The Three Cycles of Hair Growth: The Technical Truth About Your Tresses

| February 22, 2013 | 0 Comments


All hair grows in cycles.  Some African-American women complain that their hair simply will not grow.  There is nothing farther from the truth.  Everybody’s hair grows, but because Black hair is extremely fragile, it is highly susceptible to breakage.  That is why we must handle our tresses with care in order to actualize growth.

There are three continuous cycles of hair growth: anagen, catagen and telogen.

When hair is in the anagen cycle,  80%-90% of your hair is growing.  Follicle activity is accelerated which contributes to the elongating of the hair shaft.  This cycle can last between 3-10 years.

The second cycle, catagen , is a transitional period where follicle activity ceases.  This stage can last anywhere from 1-3 weeks.

The third and final stage, telogen, is the resting period.  The follicle shrinks, hair loosens and falls out.  This can last between 3-5months.  10-20% of your hair is in a stage of rest at one time.  Circumstances such as poor diet, surgery, anemia, etc. can prolong the telogen cycle causing hair growth to slow down or stop completely.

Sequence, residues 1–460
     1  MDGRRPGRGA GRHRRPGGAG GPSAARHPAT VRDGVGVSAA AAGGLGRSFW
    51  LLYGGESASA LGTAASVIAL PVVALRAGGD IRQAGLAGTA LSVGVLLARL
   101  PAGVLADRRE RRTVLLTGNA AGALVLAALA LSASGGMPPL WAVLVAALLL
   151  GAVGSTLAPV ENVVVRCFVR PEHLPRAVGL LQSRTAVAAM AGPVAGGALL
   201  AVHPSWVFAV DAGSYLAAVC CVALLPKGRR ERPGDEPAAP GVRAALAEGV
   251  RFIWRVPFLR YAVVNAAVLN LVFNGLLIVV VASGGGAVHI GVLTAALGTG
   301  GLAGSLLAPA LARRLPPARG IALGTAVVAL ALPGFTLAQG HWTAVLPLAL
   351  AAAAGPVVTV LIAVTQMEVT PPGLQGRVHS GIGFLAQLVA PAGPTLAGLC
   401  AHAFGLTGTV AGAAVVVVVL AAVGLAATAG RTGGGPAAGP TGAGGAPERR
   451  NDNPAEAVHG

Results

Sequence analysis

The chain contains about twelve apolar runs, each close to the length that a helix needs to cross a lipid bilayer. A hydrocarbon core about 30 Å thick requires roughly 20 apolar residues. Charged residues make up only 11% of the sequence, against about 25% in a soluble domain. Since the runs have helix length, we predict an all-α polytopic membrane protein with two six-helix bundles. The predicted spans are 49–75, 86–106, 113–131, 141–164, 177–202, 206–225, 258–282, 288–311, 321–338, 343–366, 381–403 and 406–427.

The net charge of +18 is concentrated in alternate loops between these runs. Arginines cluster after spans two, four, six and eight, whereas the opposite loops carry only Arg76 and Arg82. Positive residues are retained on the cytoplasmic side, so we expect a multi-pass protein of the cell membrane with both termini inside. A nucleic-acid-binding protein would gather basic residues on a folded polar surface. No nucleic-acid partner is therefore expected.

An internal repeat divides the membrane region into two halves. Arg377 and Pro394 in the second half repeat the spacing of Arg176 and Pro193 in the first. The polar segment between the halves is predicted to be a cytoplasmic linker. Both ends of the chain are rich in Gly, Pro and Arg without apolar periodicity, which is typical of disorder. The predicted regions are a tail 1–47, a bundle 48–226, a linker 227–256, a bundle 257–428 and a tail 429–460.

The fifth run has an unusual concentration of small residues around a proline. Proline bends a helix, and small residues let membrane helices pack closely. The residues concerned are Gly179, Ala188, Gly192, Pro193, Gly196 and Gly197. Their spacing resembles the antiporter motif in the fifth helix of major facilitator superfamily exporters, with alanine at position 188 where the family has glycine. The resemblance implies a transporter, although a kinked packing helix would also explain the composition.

You may also notice changes in your hair when the seasons change.  Summer months tend to bring about accelerated hair growth, while hair loss frequently occurs in the fall.   On average, human beings lose approximately 50-200 strands of hair on a daily basis.  This is considered normal and should not raise any major concerns.  Hair is constantly regenerating itself as it falls.  However, if you notice an exorbitant or abnormal amount of hair loss, you should consult with a dermatologist or trichologist to determine the cause and possible solution.   Hair loss can be an indicator of a more serious health problem.

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